Marliene Oliver, Orixa, 2007

The ability to digitally look within our bodies and dissect its parts creates library data sets, which no longer speak of the personal being, they become files of information and a promise of improvement. Oliver’s choice of transparent materials and the handmade processes she employs work to reintroduce an aesthetic and sentiment to the slices of data. The works are life size, forcing the viewer to place themselves in the context of the data facing them. ‘I am creating what feels like a library of clashes, impossibilities and paradoxes between the physical and the digital worlds we are all having to precariously straddle.’ v New partnerships have been an important element for this project. I needed to work closely with the technical support at FARO and UCLan, Lancashire Wildlife Trust and Natural England. Building working partnerships with these organisations and individuals allowed me to engage in a dialogue, which pushed my ideas and personal knowledge further than I could have anticipated in the beginning. Access to protected sites and specialist knowledge enabled me to gain a better understanding of the spaces and how my images could reimagine them.

Marliene Oliver, Dervishes, 2010

Although access to the main site of Risley Moss is unrestricted to the public, the mossland area I was interested in walking through was restricted due to the sensitive nature of the nature reserve and its potential instability. Working within the permitted areas I was able to gather enough scan data and information about the site to begin working on some ideas. Through the captured test data I realized I wanted to create a sense of liminality, the layers of history which are all intrinsic to its character, to hint at the danger of the space and the challenges of early navigation. Any images needed to speak of the movement, the act of the walk but also of the physical land itself. I quickly realized that although I was excited about the results from the scanner I was only looking into the landscape from the edge, a visitor to the space. I needed to be inside the place, as Nan Shephard had observed in 1945 vi – she believed landscape was not something to be viewed and reflected on from a distance. Rather than a passive object for our consideration, it is in fact an active partner.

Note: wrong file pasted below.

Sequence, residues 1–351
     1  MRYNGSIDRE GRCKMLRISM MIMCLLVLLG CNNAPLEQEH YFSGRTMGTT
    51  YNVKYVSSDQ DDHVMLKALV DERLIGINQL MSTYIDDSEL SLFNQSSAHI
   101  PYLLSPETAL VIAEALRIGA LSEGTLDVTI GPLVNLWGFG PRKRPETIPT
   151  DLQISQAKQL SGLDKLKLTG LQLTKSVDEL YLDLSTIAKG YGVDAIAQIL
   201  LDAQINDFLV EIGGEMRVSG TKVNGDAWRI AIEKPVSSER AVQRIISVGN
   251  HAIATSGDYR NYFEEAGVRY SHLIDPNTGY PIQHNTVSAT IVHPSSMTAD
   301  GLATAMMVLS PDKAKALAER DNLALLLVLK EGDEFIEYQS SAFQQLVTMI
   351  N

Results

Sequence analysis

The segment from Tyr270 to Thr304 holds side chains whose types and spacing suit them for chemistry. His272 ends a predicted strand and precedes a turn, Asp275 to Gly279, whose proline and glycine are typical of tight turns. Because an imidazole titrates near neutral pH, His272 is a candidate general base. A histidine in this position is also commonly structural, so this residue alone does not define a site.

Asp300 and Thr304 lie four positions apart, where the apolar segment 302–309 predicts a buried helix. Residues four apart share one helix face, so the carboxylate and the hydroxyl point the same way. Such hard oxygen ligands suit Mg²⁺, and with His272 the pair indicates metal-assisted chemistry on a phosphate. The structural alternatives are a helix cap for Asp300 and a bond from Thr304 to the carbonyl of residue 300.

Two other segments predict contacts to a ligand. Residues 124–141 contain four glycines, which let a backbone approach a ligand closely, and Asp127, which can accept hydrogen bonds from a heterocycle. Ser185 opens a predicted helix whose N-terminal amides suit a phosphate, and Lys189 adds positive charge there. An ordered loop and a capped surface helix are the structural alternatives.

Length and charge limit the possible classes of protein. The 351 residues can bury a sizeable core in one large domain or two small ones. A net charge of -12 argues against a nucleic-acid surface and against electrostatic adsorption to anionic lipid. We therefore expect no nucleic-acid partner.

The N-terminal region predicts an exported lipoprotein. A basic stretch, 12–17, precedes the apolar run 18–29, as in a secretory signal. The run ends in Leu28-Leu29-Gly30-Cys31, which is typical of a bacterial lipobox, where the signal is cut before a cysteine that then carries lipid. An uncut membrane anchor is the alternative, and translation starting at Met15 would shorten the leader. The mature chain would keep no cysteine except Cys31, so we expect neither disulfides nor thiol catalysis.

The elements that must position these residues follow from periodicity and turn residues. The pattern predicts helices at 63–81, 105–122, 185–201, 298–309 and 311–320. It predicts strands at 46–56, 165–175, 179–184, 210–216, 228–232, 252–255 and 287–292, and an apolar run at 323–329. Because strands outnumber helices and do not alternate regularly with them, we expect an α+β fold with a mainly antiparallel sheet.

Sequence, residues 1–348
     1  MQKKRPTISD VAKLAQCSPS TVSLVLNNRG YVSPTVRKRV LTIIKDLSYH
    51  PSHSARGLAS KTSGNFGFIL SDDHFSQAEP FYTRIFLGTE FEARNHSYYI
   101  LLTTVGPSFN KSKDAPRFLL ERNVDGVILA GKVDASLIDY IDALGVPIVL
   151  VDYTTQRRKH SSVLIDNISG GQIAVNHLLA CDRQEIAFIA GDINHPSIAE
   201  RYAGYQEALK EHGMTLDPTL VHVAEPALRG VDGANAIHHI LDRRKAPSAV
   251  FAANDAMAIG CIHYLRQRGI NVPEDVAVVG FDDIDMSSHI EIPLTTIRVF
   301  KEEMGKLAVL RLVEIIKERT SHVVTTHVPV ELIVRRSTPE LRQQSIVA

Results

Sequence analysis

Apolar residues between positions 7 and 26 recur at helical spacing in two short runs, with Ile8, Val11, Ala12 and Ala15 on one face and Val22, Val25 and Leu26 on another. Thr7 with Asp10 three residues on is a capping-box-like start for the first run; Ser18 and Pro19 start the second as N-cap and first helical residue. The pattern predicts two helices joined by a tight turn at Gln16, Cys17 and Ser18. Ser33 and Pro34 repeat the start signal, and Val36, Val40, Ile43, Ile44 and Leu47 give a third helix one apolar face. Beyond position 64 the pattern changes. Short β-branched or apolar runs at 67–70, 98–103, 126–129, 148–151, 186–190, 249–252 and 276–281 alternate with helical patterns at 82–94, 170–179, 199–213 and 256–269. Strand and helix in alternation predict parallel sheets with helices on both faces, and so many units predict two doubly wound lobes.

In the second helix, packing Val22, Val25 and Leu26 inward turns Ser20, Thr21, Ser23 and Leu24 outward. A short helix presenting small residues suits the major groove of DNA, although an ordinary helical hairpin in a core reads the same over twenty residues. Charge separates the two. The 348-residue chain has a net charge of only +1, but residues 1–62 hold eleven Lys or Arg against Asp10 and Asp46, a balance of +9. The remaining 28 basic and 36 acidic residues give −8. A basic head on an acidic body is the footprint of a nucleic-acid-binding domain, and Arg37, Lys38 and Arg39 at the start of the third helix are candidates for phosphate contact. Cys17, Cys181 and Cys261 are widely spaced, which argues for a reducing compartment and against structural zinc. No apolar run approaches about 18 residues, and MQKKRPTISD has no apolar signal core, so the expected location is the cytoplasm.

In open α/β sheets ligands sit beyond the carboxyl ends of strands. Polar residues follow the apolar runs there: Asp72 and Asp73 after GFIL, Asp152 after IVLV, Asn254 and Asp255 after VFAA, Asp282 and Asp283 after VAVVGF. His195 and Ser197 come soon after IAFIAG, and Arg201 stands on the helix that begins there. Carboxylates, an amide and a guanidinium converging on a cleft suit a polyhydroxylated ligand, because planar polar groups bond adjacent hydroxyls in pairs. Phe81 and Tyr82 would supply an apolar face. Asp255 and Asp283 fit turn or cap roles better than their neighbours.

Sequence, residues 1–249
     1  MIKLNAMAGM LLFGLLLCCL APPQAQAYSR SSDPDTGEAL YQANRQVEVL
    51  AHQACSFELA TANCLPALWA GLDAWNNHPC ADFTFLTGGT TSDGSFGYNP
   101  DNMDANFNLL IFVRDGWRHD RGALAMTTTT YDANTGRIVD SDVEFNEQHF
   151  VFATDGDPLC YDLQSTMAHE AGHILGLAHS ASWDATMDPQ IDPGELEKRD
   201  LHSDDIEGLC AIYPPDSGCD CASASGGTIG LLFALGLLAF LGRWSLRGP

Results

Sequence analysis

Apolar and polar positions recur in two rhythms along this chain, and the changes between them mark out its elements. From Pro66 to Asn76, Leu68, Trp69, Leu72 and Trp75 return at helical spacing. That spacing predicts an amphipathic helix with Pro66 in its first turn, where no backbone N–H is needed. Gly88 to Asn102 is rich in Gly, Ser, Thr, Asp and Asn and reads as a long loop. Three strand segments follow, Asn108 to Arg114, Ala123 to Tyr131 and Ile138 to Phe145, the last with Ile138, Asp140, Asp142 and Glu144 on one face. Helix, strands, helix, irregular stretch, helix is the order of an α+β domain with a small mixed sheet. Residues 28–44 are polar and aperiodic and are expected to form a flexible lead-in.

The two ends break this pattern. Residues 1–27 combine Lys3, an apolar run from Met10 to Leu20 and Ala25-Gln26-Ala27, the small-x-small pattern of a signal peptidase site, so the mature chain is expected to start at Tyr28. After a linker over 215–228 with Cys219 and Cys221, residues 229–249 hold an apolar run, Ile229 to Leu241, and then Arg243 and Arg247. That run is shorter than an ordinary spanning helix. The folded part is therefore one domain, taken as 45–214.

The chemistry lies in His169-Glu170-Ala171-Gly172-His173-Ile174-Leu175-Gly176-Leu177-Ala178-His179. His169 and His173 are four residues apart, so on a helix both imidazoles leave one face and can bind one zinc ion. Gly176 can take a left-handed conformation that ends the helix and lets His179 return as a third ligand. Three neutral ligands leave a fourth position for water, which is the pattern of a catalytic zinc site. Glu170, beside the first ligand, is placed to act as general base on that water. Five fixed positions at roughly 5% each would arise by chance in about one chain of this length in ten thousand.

Tracy Hill, data drawing, 2014

Tracy Hill, Infra-red scan pictures of Risely Moss, 2014

Relocation. Problems with full access to the site at Risley Moss forced me to reconsider my intentions and requirements from any new potential site. Working again with members of the Lancashire Wildlife Trust, specifically project officer Elspeth Ingleby, we identified Astley Moss, Cadishead Moss and Little Woolden Moss as potential new sites on which to walk and gather data. Owned and protected by the Lancashire Wildlife Trust (LWT), Astley, Cadishead and Little Woolden Mosses are collectively remnants of the historic Chat Moss complex. Designated as Special Areas of Conservation (SAC), Astley Moss is also designated as a SSSI site, vii Cadishead is a Site of Biological Importance (SBI) viii and all are monitored and maintained by LWT volunteers. In order to gain a better understanding of these spaces I became a volunteer and have been working and walking alongside Elspeth Ingleby, Chat Moss Project Officer and her dedicated team of volunteers, learning about the complexities of both the geology and the wildlife which now occupy them, collecting information and data during site visits. This access has given me a greater understanding of the relationship and knowledge needed to navigate such spaces.

LWT Volunteer days, 2014–2015 Photo, LWT Chat Moss project

‘What begins as undifferentiated space becomes place as we get to know it better and endow it with value‌ If we think of space as that which allows movement, then place is pause, each pause in movement makes it possible for location to be transformed in to place.’ ix

Cadishead Moss, 2015

As a visitor to the space I had recorded initial observations along with photographic documentation of the visit in order to later locate and map my journey. However, as I gained knowledge of the place I was able to locate myself based on experiences and memories of previous visits. ‘Places do not have locations but histories. Bound together by the itineraries of their inhabitants, places exist not in space but as nodes in a matrix of movement.’ x

Tracy Hill, sketch book records, 2015